Borders homes test new rooftop wind turbines
Berwickshire Housing Association [BHA] has teamed up with Renewable Devices, a company which aims to market turbines for individual houses once pilot schemes and research projects are completed.
A two-year monitoring programme has demonstrated the two-metre long turbine blades are capable of supplying up to 50 per cent of a household’s power supply needs, and now planning permission is being sought to erect turbines on dozens of homes throughout the Borders and the Lothians.
It will cost 10,000 for each of the turbines to be fitted to new properties being constructed by the housing association in the village of Whitsome, near Duns.
But as Alan Stuart, BHA’s development manager, explained: "We will receive 40 per cent grants as pioneers in using this kind of technology. Eventually the equipment will be available for a fraction of that figure.
"In our view the turbines represent very good value for money, and we hope to obtain permission to incorporate them into 18 more new properties."
Until recently, wind generators for single houses or businesses have had to be sited some distance from the buildings because of noise and vibration from the blades.
But now a number of companies claim to have overcome those problems by designing silent turbines which do not give off vibrations.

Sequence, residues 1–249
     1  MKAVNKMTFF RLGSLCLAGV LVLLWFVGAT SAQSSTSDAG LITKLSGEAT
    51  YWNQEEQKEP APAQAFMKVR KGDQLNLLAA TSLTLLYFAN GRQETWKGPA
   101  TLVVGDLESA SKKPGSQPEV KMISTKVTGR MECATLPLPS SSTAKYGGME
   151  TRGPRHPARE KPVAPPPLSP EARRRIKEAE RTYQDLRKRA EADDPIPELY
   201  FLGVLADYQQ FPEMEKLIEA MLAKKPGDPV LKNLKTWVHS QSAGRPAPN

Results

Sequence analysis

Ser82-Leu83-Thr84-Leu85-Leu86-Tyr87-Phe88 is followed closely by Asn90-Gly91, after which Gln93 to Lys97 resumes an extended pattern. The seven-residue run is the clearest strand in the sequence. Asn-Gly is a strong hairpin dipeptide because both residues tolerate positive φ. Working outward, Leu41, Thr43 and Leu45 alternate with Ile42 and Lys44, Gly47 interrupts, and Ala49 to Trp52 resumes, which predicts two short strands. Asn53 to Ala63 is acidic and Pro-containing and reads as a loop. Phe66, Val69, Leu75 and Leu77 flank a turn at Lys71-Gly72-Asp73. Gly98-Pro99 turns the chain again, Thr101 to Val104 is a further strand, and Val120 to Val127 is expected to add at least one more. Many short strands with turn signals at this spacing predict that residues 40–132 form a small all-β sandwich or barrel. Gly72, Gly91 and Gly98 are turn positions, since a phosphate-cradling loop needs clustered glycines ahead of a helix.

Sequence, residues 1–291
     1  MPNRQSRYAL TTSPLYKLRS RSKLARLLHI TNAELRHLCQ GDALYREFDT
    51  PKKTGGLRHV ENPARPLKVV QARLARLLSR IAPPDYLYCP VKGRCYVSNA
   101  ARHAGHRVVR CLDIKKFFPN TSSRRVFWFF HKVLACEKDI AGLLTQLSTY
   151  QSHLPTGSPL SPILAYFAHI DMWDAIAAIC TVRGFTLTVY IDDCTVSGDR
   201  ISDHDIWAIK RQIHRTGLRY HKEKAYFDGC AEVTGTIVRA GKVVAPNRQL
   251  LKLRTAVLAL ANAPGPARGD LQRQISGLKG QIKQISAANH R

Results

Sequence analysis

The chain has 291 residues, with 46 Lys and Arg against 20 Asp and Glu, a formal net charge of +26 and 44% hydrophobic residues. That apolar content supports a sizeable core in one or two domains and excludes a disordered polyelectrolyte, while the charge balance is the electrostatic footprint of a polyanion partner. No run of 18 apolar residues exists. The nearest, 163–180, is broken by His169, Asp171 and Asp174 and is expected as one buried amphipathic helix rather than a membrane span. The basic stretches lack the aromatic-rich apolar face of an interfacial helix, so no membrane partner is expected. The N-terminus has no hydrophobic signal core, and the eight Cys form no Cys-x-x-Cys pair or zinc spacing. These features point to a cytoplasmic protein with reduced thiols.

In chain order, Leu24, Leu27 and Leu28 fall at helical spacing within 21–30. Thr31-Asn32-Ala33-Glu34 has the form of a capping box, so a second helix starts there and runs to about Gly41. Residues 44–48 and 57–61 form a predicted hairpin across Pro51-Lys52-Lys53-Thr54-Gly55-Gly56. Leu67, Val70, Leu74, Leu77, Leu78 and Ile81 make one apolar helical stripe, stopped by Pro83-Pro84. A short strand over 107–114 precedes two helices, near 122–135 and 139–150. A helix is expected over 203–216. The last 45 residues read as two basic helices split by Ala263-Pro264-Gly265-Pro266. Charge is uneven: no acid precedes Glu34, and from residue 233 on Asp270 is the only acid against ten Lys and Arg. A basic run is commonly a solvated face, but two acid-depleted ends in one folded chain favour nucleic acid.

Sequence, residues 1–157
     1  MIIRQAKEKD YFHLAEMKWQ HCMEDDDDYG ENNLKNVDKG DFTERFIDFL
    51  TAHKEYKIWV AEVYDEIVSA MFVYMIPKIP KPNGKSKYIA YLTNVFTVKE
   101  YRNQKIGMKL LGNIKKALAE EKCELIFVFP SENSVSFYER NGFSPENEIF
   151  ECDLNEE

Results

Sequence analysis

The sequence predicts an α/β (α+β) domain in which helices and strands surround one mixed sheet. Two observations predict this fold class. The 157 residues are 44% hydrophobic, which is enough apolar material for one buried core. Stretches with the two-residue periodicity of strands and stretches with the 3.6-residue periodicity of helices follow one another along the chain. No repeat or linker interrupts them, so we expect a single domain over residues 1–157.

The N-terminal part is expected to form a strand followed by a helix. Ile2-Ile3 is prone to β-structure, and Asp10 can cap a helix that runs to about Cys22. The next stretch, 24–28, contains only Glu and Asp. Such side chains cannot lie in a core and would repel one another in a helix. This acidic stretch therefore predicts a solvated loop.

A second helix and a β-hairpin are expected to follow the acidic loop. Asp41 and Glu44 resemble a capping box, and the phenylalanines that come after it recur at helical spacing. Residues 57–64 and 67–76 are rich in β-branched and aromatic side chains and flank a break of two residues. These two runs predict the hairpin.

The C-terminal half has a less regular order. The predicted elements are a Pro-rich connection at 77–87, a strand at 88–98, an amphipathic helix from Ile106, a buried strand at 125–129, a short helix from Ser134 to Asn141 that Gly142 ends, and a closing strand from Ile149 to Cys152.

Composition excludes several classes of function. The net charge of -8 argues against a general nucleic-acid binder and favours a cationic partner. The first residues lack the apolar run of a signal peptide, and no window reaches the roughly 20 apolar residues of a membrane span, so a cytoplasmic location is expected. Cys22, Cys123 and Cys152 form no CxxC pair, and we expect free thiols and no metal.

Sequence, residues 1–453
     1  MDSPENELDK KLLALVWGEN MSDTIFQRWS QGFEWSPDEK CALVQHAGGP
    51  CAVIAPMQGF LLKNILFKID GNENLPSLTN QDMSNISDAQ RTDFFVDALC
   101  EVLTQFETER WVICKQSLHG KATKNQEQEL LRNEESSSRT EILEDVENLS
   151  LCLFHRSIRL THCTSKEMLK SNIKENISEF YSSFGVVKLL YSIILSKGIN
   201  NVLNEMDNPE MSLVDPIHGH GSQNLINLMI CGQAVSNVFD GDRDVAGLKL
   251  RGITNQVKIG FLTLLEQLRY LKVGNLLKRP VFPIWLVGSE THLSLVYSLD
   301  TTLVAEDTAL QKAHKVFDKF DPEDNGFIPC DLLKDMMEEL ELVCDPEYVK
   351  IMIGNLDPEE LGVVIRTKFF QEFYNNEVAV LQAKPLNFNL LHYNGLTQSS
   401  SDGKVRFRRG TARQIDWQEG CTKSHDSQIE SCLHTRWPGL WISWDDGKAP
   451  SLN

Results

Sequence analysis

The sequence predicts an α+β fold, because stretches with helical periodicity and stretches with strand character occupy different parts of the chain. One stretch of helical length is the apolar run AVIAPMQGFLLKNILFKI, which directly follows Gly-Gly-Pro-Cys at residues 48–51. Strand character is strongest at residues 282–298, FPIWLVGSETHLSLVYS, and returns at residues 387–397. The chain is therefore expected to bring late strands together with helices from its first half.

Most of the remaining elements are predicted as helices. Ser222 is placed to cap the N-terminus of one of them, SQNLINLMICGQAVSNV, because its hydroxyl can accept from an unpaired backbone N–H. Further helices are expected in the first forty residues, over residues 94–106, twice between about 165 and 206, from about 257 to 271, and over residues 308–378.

Mr Stuart said: "The equipment being used on the houses at Whitsome generates around 4,500Kw hours of electricity per year compared to the average annual requirement per house of 10,000Kw hours."
BHA is already involved in a number of other energy efficiency projects, including the use of solar power as part of a scheme backed by a 250,000 grant from the Department of Trade and Industry.
Results from the monitoring of solar panels, solar slates and rainwater recycling in Berwickshire are being used to formulate national energy policy by government agencies.
Charlie Silverton, of Penicuik-based Renewable Devices, said: "The homes at Whitsome will be the first to have our wind turbines fitted to them. We have already carried out many hours of monitoring, mainly on the roof of our own offices here on the Bush Estate."Mr Silverton said the company was confident it would be able to offer its turbines for sale at 1,500 each once they set up mass production.
"We have calculated pay-back time for the equipment will be as little as two years when grant aid is taken into account," he said.